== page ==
Undoubtedly the most famous for a list like this. The 1992 movie had been a box office flop despite Joss Whedon's hardest efforts, more famous for its goofy name. When the WB decided to do a TV series based on it, it seemed idiotic but damn if it didn't work. Using the brilliant idea of monster-hunting as a metaphor for high school life, Whedon captured the audience's attention with great storylines backed by a first-rate cast, especially Sarah Michelle Gellar as the title character. It may have lost a bit of steam after the high school era ended but with its biting humor, sharp writing and unique character turns, it remains a major hit for so many, a genre classic and a showcase for how some movie ideas really do work better for the small screen.
Honorable Mentions: Dragnet (1987), S.W.A.T (2003), 21 Jump Street (2012), The Addams Family (1991), Alvin and the Chipmunks (2007), The Simpsons Movie (2007)
5. Batman: The Movie (1966)
Batman: The Movie is great because it feels like a longer episode of the TV show that spawned it. The cliffhanger thing is gone, obviously, but just about the entire cast of the TV show is on display (except Julie Newmar, who was replaced by Lee Meriwether for the movie because of a prior commitment), and while the scope of the movie is definitely bigger the movie doesn't feel all that different from the TV show. The only real change is that the movie is a little meaner than the TV show. Think about how several fish die and the Penguin's powdered henchmen who disappear after being touched. Those guys are freaking dead and gone! How often did that happen on the TV show?
4. The A-Team (2010)
I have no idea why this Joe Carnahan directed movie reboot of the classic 1980's TV show didn't kick ass at the box office, as it's one of the better action movies of the last five years. Liam Neeson is great as Hannibal, and Bradley Cooper manages to make the "Face" character his own (he doesn't surpass Dirk Benedict, but then I doubt anyone could). The stand out of the movie, though, is Sharlto Copley as the crazy as all hooha Murdock. He just gives a brilliant, madcap performance. The action scenes are insane (the tank scene is a classic), the tone of the movie is a fine balance between humor and serious action, and it feels like the A-Team of old. It's a damn shame that we're not going to get a sequel. I really wanted to see everyone kick ass again.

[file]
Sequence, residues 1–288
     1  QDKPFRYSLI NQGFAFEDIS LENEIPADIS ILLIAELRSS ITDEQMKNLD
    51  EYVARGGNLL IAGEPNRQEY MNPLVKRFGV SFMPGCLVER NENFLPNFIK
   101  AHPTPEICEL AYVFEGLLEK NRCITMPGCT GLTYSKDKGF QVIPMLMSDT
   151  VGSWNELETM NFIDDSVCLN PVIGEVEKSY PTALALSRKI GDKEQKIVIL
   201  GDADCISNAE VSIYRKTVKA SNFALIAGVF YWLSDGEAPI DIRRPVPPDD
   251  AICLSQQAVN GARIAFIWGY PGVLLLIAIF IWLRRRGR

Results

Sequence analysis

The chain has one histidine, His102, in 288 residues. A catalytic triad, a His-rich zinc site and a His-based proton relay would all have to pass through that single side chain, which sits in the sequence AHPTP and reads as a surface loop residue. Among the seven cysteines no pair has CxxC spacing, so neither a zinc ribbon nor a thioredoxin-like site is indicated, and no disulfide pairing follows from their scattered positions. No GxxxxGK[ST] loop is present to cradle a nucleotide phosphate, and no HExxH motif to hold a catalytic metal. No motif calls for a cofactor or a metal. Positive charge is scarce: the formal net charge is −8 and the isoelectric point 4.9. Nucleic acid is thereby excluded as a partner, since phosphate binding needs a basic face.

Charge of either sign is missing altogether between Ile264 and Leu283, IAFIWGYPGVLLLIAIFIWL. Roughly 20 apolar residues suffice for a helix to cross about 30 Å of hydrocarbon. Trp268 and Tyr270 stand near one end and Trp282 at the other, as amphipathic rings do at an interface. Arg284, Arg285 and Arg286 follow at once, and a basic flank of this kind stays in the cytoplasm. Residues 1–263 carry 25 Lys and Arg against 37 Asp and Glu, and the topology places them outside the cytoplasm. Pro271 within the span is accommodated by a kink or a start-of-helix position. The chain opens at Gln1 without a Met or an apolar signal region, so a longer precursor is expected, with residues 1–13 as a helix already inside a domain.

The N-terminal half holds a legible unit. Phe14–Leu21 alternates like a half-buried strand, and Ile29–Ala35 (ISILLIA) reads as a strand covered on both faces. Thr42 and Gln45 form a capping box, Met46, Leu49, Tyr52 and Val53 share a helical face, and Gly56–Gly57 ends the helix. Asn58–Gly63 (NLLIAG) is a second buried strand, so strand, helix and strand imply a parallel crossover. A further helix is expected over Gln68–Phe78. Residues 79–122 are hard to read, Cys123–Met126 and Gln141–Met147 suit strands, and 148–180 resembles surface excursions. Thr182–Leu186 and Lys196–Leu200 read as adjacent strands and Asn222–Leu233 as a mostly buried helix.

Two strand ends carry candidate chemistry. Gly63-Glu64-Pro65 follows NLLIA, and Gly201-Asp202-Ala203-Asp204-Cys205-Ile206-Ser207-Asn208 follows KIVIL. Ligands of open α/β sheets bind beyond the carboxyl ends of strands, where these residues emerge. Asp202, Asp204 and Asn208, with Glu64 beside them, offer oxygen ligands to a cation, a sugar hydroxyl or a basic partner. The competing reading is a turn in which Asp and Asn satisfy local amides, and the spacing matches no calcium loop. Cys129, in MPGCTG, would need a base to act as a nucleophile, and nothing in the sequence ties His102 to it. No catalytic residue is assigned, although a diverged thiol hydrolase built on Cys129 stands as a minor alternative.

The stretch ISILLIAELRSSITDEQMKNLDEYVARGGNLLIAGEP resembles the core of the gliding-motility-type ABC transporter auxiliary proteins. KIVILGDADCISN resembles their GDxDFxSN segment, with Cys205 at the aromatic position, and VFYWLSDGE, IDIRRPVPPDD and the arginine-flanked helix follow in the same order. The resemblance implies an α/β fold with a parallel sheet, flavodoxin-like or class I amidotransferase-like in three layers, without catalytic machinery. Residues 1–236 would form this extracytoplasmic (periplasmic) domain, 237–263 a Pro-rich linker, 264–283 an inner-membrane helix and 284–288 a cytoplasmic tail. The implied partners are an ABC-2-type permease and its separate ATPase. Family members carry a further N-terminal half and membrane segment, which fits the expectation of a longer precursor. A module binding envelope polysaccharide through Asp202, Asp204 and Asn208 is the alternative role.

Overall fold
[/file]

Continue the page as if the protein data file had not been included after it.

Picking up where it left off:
3. The X-Files: Fight the Future (1998)
Fight the Future functions as both a part of The X-Files alien conspiracy mythology and as its own thing. The movie also expands on what we knew at that point about the big alien conspiracy and where the alien black oil came from but at the same time you really don't need to know anything about the show to understand the movie. I'd imagine that plenty of people got freaked out over the whole "bee cultivation" thing and the white domes off in the distance. I know I did. Is that really a golf dome or is Armin Mueller-Stahl over there doing something nefarious? The only real knock on the movie is that it doesn't provide enough in the way of answers for the die hards. Outside of the true scope of the conspiracy we don't learn anything all that new. Still a great movie, though. A modern classic thriller.
2. The Naked Gun: From the Files of Police Squad! (1988)
Police Squad! managed to last six episodes before ABC got rid of it. You would think that that fact would keep the property from becoming a movie. But then, if you don't know anything about Police Squad! going into The Naked Gun you won't be lost. In fact I didn't know that Police Squad! was an actual thing before I saw The Naked Gun and it didn't stop me from laughing my head off. I still laugh my head off when I watch The Naked Gun. It's a brilliant comedy through and through. It doesn't waste time, it has so many classic bits, and it still works twenty-six years later. How many comedies can boast all of that?
"The attempt on Nordberg's life left me shaken and disturbed, and all the questions kept coming up over and over again, like bubbles in a case of club soda. Who was this character in the hospital? And why was he trying to kill Nordberg? And for whom? Did Ludwig lie to me? I didn't have any proof, but somehow, I didn't entirely trust him either. Why was the 'I Luv You' not listed in Ludwig's records? And if it was, did he know about it? And if he didn't, who did? And where the hell was I? "
1. The Fugitive (1993)
Directed by Andrew Davis, The Fugitive is a top notch thriller that never lets up. Harrison Ford rocks as the framed-doctor-turned-escaped-fugitive, and Tommy Lee Jones steals the show as the U.S marshal charged with tracking Kimble down (he won an Oscar for the performance and after watching the movie it's easy to see why). There are tons of iconic moments (the waterfall scene, the "jumping off the top of the train" scene are two of the bigger ones), and even when the movie starts to peter out towards the end it's still a million times better than most other movies. How many TV shows turned into movies get nominated for Best Picture? U.S Marshals, the sort of sequel to this, is fun, too, but it doesn't have the scope of The Fugitive. Still amazing stuff.